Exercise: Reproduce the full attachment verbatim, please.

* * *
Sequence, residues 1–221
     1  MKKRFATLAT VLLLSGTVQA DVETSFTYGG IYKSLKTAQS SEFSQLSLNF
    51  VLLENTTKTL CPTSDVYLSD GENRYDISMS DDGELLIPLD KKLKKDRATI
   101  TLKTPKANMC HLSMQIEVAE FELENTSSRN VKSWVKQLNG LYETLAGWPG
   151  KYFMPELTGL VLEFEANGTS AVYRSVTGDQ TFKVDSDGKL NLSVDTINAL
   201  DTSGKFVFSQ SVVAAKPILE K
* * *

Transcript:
Sequence, residues 1–221
     1  MKKRFATLAT VLLLSGTVQA DVETSFTYGG IYKSLKTAQS SEFSQLSLNF
    51  VLLENTTKTL CPTSDVYLSD GENRYDISMS DDGELLIPLD KKLKKDRATI
   101  TLKTPKANMC HLSMQIEVAE FELENTSSRN VKSWVKQLNG LYETLAGWPG
   151  KYFMPELTGL VLEFEANGTS AVYRSVTGDQ TFKVDSDGKL NLSVDTINAL
   201  DTSGKFVFSQ SVVAAKPILE K